Iraq to encircle Baghdad with defensive wall

Iraq to encircle Baghdad with defensive wall
Iraq's army chief has revealed plans to build a ring of concrete between the capital and Islamic State group fighters.
3 min read
04 February, 2016
Suicide bombs have rocked Iraq since the start of the US-led invasion [Getty]
A 186-mile, 10-foot-high wall will surround Baghdad to protect the Iraqi capital from potential IS group attacks, officials said on Thursday.

The construction follows a series of bomb blasts that rocked the city on Wednesday, killing eight and wounding 26.

"The security barrier around Baghdad will prevent terrorists from infiltrating the capital or smuggling explosives and car bombs to target innocent civilians," said Lieutenant General Abdul Ameer al-Shammari.

The plans for the construction and digging of the trenches have already began 20 miles west of Baghdad in the al-Subaihat area.

But Haider Lapcha, analyst at Integrity UK, told The New Arab that this was a four-year-old plan that had just come into effect.

"There are two arguments being discussed in Baghdad at the moment; the first is that of the anti-government voices that say the plans to build these barriers will be ineffective because a large majority of terrorists are home grown - this may stop external terrorists entering, but it does not deal with sleeper cells in Baghdad itself," he said.

"The other, pro-government, camp says it could be effective as it is part of a broader strategy that has already proven to reduce terrorism in the capital," he added.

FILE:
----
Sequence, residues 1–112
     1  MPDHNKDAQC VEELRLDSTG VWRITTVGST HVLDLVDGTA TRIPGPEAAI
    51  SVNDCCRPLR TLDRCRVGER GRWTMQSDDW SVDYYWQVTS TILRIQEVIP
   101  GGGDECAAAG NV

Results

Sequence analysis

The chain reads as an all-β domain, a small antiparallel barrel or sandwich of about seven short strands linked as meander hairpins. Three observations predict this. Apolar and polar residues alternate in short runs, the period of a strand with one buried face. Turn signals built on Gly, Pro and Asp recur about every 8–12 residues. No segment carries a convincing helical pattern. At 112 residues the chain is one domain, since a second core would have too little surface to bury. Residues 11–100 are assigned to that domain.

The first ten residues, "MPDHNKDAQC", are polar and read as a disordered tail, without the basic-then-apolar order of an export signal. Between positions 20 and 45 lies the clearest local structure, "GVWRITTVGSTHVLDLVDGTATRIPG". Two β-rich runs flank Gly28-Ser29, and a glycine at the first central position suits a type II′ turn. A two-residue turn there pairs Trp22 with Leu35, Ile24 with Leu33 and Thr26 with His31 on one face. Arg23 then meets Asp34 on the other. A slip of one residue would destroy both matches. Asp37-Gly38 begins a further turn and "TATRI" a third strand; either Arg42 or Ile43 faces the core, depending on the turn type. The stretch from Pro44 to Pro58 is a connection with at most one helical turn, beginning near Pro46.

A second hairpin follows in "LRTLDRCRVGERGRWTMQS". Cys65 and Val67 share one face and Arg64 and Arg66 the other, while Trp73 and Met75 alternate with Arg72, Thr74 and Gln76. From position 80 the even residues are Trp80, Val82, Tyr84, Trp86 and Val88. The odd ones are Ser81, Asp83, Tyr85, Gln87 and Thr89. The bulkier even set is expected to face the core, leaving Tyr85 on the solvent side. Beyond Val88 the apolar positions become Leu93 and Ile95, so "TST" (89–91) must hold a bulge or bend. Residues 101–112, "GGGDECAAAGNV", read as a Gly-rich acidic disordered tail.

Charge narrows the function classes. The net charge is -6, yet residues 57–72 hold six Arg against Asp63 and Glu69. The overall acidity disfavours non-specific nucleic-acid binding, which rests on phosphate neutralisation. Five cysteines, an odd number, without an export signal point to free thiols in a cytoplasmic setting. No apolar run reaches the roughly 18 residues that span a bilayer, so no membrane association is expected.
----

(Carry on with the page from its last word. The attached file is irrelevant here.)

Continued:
The government said it would dismantle existing barriers within the city to make way for the planned wall and trenches.

However, the capital's Green Zone - first built by occupying US forces in 2003 and home to government politicians as well as international diplomats - will remain untouched.
Building a wall around the capital is not a long-term solution for terrorism

Iraq has seen almost daily bloodshed from suicide bombings since the start of the US-led war on Saddam Hussein.

UN figures show 490 civilians were killed and more than 1,150 wounded due to attacks in the past month alone.

Baghdad was the hardest hit with 299 civilians killed and 785 wounded in January.

In recent months, government offices, public buildings and security centres have been targeted by the militant IS group with an attack on a shopping centre last month leaving 18 dead.

However, Lapcha believes the new construction is a short-sighted plan: "Building a wall around the capital is not a long-term solution for terrorism, Iraq needs to increase transparency across the board - that way people can hold senior officials accountable, which will in turn reduce corruption, bring social reconciliation and in turn eradicate terrorism."

The new security barrier is to be built by the country's military Engineering Corps and is expected to halve the number of checkpoints in the city by July.

The government scheme hopes to free up thousands of soldiers from their checkpoint posts to take up other combat duties.